Rainy Day at that Cafe

“She’s here” Robin, the store owner announces about the manager, Tsarah’s, arrival.

“She’s queer,” D adds on.

“… And you better get used to it,” Robin finishes in his raised, flamboyant voice, smiling brightly.

Eight to four this week I’m serving up coffee and breakfast food. There is are so many gay, lesbian and transgender people who come into the cafe, the Purple Sweet Potato. In reality, there are probably many queer people who come into every coffee shop I’ve ever worked at, but it is really apparent at at this cafe. Having queer owners, managers and most of the staff being queer makes it comfortable for customers to be as openly gay as they want. In addition, this neighborhood used to be known as the “gay district” in Kansas City, and has a rich history of activism and identity politics.

There are dinosaur figurines greeting you upon entry, grocery shelves full of onions, potatoes and pineapples and rainbow light bulbs strung along windows. The stucco walls are painted grey, yellow and red, with a big menu scrawled across a white board.

“Capitalism is rampant. I’m doing what I have to to survive,” D answers a customer asking if she enjoys working.

“Same” Tsarah agrees from behind her in the kitchen.

Working at a cafe again is practice in pulling the story out. Each customer that approaches the register, I get to try to find the information hidden within them.

“Has anyone been following the assault on the trans woman in Rio?” Robins asks the kitchen.

Later Robin smiles and jokes, “I’m the most manly of everyone here.”

A little while later I receive a call from one of our most loyal customers: Blind Guy.

“I’m calling in so that I have a reason to get out on this rainy day. Can you save me a bowl of the vegetable soup? Don’t be afraid to sell it. I had it yesterday, and it has flavor. It’s not your mother’s vegetable soup. Peace out.”

Blind Guy comes in a little while later, and orders salt and pepper chips in addition to his soup. Generally we invite people to pick their own type of chips out of the box, but D grabs Blind Guy’s chips and hands them to him.

“Put them back in the mix and we’ll see how long it takes me to find it,” Blind Guy laughs with blind humor.

He begins talking to D about one of his favorite subjects, marijuana.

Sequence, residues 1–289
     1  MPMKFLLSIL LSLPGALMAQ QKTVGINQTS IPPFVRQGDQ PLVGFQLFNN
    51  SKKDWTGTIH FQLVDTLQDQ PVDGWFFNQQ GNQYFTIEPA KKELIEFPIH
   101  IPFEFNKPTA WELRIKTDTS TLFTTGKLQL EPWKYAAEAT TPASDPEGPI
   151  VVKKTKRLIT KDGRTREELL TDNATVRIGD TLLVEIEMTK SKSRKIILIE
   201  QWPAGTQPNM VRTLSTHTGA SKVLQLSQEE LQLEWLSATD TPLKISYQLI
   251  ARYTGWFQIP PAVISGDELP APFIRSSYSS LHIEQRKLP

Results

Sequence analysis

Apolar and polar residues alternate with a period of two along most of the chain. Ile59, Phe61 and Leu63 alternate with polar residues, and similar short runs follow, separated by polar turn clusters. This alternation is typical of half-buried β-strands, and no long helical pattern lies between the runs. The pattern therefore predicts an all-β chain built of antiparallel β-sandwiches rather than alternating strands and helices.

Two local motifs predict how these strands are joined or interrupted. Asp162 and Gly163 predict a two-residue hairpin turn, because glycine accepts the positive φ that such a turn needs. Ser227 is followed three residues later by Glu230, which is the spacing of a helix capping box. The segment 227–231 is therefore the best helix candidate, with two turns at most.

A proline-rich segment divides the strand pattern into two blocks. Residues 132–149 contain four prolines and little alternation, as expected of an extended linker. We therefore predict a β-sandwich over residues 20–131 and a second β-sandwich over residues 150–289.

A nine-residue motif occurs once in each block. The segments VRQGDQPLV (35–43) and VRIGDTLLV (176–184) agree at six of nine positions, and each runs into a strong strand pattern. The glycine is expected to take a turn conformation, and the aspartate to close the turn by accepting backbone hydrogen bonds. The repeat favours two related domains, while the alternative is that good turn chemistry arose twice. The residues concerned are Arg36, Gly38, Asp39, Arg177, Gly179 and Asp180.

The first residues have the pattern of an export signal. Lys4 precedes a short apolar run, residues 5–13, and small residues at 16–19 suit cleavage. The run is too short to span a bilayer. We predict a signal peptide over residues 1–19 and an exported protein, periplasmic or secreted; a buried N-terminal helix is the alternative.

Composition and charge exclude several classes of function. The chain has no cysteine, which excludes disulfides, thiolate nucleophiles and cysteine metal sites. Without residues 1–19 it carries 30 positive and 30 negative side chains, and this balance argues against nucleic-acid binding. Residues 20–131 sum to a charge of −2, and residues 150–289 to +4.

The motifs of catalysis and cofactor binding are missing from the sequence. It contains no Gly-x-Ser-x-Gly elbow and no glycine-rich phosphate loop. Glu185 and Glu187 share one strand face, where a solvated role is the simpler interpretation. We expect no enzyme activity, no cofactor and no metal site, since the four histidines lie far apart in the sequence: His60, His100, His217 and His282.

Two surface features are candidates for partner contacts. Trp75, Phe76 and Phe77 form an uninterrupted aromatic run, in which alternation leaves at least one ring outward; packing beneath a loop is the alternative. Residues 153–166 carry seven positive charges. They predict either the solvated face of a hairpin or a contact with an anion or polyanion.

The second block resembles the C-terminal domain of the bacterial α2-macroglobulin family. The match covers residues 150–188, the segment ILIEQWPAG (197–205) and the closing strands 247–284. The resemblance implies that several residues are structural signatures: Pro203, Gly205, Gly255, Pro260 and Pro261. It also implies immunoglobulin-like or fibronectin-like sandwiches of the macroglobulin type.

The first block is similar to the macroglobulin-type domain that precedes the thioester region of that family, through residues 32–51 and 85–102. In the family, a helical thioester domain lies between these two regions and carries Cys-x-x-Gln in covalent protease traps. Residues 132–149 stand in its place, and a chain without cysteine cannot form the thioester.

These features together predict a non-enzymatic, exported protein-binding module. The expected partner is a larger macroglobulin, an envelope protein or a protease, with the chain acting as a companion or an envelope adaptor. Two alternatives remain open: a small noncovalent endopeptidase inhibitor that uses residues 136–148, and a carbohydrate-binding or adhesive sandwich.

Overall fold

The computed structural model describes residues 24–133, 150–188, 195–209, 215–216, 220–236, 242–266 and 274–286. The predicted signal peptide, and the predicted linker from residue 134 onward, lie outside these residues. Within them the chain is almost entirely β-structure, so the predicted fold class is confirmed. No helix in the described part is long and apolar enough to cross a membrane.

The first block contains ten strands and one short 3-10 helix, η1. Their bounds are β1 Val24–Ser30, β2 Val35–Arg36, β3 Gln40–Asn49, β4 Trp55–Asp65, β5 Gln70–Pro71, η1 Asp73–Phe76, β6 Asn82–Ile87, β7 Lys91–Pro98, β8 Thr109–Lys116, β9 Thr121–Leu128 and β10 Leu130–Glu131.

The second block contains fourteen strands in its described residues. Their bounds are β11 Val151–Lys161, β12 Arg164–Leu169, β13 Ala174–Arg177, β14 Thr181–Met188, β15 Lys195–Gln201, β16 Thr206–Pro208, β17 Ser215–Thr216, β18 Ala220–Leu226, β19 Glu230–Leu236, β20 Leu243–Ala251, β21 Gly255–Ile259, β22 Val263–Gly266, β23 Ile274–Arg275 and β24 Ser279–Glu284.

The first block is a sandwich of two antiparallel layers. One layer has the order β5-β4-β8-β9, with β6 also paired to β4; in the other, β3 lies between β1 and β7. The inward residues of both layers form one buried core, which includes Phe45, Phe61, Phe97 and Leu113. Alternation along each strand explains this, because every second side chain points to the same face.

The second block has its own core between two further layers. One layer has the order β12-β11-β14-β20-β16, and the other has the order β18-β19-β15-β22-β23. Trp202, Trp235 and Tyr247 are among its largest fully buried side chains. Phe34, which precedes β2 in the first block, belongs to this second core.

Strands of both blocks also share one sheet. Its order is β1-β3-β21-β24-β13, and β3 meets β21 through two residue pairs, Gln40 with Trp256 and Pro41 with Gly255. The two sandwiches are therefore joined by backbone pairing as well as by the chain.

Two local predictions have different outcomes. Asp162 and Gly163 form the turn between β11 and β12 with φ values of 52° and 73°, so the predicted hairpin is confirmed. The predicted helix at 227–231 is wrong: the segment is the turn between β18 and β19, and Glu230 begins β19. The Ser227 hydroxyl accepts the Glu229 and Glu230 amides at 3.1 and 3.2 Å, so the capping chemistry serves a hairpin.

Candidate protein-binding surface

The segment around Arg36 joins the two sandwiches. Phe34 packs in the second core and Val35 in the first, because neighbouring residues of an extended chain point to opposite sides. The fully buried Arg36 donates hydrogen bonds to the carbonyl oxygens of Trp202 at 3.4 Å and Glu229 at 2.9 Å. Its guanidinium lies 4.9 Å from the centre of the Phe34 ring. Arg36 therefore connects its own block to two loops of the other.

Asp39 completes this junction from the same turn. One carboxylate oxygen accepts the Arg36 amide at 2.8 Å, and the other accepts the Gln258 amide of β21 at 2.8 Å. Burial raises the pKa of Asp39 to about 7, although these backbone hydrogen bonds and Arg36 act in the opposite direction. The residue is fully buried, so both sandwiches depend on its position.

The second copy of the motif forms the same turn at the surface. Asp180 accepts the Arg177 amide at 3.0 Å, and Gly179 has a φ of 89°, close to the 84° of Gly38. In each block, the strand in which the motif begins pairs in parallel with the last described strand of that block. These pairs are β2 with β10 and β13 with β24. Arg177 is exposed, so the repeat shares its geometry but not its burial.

“They have legal cannabis out there? Legal is a good problem to have…”

At 1:30 everyday, Terrance the mailman comes in with a song,

“HELLLLLLLLOOOOOOOOOOOOOOOOOOOOOOOOOOOOOOOOOOO,” the mailman croons for the whole cafe to hear, and the kitchen staff join in. He hands us the mail, and tells us he’ll see us tomorrow when we’ll repeat the encounter.

Big, wide eyes approach the register with long hair down his back. His name is Broco (short for Broccoli) and he’s got his eyes on Malcolm behind the counter.

“Malcolm was my friend’s older brother. He was always really cool though, he would smoke weed with us…”

Malcolm points over my shoulder, indicating to me that, “Tina over there is a medium, she talks to spirits.”

An hour before closing time, Blind Guy yells out to D, “D, what time is it?


In the rain and mud outside in the storage shed. I hear a voice calling, and soon see Blind Guy walking with his stick, calling out. He hears someone, and thinks it is D.

“It’s Cecelia!” I tell him.

At 3 pm we close down the cafe, with one of the kitchen staff yelling, “86 Purple Sweet Potato!” as is tradition. 86 in restaurant speak means you don’t want an ingredient, or you’re out of an ingredient, or you’re done for the day.

Later, when we’re closing down the cafe with another one of our bosses, Aimee, D tells Aimee that if she didn’t have to come in today, she would have already finished the paper by now, and be quite stoned.

“Well. Now you have a little bit more money to get a little more stoned tomorrow,” Aimee tells her. Aimee starts talking about the Vagina Monologues performance she is going to tonight, Lucy finishes mopping the kitchen, and we all head home.

Originally published at everydayembellishments.wordpress.com on March 31, 2017.



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